FOKOS: …from paint. The only thing they don’t supply for this class is the sneakers which could be under $20.00 at Target.
FOKOS: But for all of the other things, they provide all of the materials.
CAVANAUGH: Okay, Lauren Becker Downey hosts a class on sneaker painting tomorrow at Bravo School of Art. We move along to a classic, “The Birds” showing at Cinema Under the Stars. And, David, remind listeners what Cinema Under the Stars is.
CODDON: Cinema Under the Stars, which is pretty well established, movie buffs know it well, it’s connected to Tops Hair Salon in Mission Hills on Goldfinch Street. And it’s the backyard of Tops has been converted into a outdoor canvassed movie theater where you can sit at tables or simply at plastic chairs, it depends on when you get there. And you can sit outside and they do this year round because in San Diego we can do that. You sit outside under the stars literally…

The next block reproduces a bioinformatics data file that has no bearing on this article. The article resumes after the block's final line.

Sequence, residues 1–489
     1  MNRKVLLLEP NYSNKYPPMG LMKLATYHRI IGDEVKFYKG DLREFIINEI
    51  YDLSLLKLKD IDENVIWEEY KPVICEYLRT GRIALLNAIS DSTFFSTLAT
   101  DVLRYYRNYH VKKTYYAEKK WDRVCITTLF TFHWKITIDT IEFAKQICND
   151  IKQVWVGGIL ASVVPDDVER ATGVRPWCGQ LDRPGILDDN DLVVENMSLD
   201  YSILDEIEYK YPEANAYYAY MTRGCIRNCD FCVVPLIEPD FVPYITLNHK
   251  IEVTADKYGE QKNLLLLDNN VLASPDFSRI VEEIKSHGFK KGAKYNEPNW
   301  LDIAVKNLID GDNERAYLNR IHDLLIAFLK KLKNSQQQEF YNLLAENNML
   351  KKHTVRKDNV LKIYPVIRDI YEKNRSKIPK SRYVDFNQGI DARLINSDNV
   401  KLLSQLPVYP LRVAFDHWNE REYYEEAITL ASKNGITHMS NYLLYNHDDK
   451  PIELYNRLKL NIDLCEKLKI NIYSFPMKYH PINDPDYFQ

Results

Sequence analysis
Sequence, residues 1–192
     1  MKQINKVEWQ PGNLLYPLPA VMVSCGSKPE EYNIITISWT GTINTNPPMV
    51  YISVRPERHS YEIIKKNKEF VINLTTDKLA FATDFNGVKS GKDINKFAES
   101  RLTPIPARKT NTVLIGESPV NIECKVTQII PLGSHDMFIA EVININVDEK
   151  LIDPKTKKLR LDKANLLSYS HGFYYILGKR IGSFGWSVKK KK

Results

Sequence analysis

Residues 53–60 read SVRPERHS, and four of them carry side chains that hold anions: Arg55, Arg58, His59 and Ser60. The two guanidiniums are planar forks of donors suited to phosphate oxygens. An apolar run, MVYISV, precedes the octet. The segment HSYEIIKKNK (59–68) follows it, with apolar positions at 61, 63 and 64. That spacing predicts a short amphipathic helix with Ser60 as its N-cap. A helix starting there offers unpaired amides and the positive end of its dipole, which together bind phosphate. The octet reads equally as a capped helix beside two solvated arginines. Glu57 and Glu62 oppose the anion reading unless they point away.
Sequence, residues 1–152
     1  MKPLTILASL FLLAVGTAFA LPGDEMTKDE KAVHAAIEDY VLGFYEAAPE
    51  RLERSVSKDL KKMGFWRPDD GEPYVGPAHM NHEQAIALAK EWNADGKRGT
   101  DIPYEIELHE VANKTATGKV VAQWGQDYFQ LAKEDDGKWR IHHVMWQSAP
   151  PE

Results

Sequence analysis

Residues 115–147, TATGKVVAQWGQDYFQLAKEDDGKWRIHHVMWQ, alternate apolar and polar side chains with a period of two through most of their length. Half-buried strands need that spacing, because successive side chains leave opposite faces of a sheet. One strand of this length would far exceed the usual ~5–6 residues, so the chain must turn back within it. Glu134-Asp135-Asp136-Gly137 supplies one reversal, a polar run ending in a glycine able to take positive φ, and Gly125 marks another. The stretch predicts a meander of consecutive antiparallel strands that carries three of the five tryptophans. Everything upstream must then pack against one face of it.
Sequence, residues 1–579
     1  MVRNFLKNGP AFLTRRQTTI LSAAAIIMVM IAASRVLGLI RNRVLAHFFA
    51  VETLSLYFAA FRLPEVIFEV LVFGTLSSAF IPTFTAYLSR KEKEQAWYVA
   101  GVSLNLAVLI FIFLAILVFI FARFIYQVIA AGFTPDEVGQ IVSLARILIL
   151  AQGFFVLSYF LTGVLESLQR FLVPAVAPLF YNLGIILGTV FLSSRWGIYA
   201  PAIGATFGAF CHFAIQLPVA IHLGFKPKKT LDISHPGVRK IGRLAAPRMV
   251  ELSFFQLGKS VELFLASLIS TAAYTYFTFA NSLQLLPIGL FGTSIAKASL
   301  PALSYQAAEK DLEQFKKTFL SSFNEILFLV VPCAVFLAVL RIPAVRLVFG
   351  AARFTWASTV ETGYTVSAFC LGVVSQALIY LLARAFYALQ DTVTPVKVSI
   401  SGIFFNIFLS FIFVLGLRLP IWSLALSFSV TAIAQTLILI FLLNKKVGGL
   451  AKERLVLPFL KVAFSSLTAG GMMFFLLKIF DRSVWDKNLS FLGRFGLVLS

CODDON: …and watch a classic film.
CAVANAUGH: And you’re a big fan, I know, of “The Birds.” What is it that you like about this Hitchcock film?
CODDON: I’m a huge fan of Hitchcock in general but I think “The Birds” is – doesn’t get enough credit for being as terrific a film as it is. One thing is the setting. It’s filmed up in Bodega Bay, California and it has this beautiful rocky California northern coast setting. It has very compelling actors, Rod Taylor, Tippi Hedren, this was her first film—it’s Melanie Griffith’s mother, of course—and a young Suzanne Pleshette. And then the fact that it’s scary as heck with the birds attacking, and what I really like about this film, Maureen…